Geeks-R-Us sells titanium mechanical pencils to computer algorithm designers. In an effort to attract more business, they decide to run a rather unusual promotion:
"SALE!! The more you buy, the more you save! Pencils are now per dozen!"
If the trillionaire, Spug Dense, comes in and says he wants to buy as many pencils as Geeks-R-Us can turn out, what will the cost of the pencils approach as the order gets bigger and bigger?
Sometimes, a function may not be defined at a particular number, but as values are input closer and closer to the undefined number, a limit on the output may not exist. For example, for the function f(x) = 1/x (shown in the figures below), as x values are taken closer and closer to 0 from the right, the function increases indefinitely. Also, as x values are taken closer and closer to 0 from the left, the function decreases indefinitely.
We describe these limiting behaviors by writing
Sometimes we want to know the behavior of f(x) as x increases or decreases without bound. In this case we are interested in the end behavior of the function, a concept you have likely explored before. For example, what is the value of f(x) = 1/x as x increases or decreases without bound? That is,
As you can see from the graphs (shown below), as x decreases without bound, the values of f(x) = 1/x are negative and get closer and closer to 0. On the other hand, as x increases without bound, the values of f(x) = 1/x are positive and still get closer and closer to 0.
Earlier, you were asked a question about buying a lot of pencils.
As Spug buys more and more pencils, the cost of each dozen will drop quickly at first, and level out after a while, approaching $12 per dozen.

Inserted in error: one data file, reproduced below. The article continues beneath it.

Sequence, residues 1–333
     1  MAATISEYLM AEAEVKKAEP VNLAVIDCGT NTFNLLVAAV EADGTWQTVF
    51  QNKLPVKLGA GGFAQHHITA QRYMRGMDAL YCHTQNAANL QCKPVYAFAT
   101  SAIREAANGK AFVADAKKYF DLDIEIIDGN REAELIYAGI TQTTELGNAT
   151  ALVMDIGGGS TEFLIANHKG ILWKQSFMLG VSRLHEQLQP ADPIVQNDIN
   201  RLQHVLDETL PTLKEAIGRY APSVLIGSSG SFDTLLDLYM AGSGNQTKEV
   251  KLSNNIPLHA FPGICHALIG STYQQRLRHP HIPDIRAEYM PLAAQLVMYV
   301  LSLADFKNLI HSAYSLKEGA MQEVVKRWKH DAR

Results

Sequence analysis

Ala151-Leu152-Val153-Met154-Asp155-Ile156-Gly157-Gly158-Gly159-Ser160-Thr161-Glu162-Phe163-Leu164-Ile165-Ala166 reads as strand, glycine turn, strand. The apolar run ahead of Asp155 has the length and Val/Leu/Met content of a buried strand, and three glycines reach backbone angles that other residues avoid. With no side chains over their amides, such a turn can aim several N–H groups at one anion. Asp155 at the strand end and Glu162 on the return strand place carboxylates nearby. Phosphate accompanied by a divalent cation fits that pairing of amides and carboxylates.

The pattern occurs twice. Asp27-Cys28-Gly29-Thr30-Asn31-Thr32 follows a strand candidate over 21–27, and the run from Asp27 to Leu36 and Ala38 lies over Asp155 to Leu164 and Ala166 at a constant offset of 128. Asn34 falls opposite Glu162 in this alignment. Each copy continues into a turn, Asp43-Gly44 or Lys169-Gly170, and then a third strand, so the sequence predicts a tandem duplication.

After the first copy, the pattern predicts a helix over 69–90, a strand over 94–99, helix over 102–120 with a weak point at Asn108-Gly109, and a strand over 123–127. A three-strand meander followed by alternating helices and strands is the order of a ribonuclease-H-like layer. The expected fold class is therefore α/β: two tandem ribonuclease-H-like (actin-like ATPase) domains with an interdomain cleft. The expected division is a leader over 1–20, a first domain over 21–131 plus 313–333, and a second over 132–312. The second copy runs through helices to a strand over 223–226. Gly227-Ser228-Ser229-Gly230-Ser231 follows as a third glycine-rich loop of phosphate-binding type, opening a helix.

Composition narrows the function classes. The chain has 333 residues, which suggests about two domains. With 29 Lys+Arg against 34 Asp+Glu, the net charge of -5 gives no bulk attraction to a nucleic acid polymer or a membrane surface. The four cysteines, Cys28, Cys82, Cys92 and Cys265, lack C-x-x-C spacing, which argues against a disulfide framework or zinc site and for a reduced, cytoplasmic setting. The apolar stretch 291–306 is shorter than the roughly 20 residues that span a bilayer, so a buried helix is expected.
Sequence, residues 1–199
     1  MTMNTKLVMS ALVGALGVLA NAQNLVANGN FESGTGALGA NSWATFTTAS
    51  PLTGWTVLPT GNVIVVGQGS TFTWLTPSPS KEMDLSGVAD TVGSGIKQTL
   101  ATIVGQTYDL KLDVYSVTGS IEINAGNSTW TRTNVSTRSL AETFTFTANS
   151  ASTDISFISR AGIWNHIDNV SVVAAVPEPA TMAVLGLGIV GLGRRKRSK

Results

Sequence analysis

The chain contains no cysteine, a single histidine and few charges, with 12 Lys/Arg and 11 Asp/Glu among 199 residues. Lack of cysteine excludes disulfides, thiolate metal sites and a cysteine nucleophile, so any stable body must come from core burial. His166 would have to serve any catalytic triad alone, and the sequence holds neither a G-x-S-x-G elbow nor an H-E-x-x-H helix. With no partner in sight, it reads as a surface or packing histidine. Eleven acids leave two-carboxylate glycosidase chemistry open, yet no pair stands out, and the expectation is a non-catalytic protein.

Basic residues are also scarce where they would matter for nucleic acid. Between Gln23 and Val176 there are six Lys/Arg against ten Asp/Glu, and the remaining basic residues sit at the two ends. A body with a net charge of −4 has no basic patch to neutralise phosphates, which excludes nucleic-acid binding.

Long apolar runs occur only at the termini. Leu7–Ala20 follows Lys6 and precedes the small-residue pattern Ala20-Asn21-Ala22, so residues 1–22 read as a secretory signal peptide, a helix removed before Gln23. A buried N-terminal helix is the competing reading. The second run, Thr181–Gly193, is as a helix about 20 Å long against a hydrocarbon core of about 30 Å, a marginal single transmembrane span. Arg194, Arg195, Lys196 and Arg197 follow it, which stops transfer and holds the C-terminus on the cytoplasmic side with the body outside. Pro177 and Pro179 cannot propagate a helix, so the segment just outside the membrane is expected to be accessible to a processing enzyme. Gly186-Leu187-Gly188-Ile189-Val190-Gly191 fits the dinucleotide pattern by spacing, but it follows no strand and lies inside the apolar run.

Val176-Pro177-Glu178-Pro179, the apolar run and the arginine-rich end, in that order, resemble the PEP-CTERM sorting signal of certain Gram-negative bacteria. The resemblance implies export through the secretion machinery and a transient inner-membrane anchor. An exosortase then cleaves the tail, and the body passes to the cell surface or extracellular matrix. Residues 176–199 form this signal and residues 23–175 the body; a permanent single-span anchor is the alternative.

You can see the effect on the graph here:
Evaluate the limit by making a graph: .
By looking at the graph:
We can see that as x gets closer and closer to 3 from the positive side, the output increases right out the top of the image, on its way to
Evaluate the limit: .
To evaluate polynomial function limits, a little bit of intuition helps. Let's think this one through.
First, note that since we are looking at what happens as most of the interesting stuff will happen as x gets really big.
On the top part of the fraction, as x gets truly massive, the 11x3 part will get bigger much faster than either of the other terms. In fact, it increases so much faster than the other terms completely cease to matter at all once x gets really monstrous. That means that the important part of the top of the fraction is just the 11x3.
On the bottom, a similar situation develops. As x gets really, really big, the -3 matters less and less. So the bottom may as well be just 9x.
That gives us which reduces to
Now we can more easily see what happens at the "ends." As x gets bigger and bigger, the numerator continues to get bigger faster than the denominator, so the overall output also increases.
This one is easier than it looks! As x --> 0, it disappears, leaving just the fraction: 2/3
Make a graph to evaluate the limit and .
By looking at the image, we see that as x gets huge, so does which means that 1 is being divided by an ever-larger number, and the result is getting smaller and smaller.
On the same image, we can see that as x gets closer and closer to zero, so does which means that 1 is being divided by an ever smaller number, and the result gets bigger and bigger.
Graph and evaluate the limit: .
By looking at the image, we can see that as x gets closer and closer to 2 from the positive direction, 1 gets divided by smaller and smaller numbers, so the result gets larger and larger.
Evaluate the limits:
To see the Review answers, open this PDF file and look for section 8.3.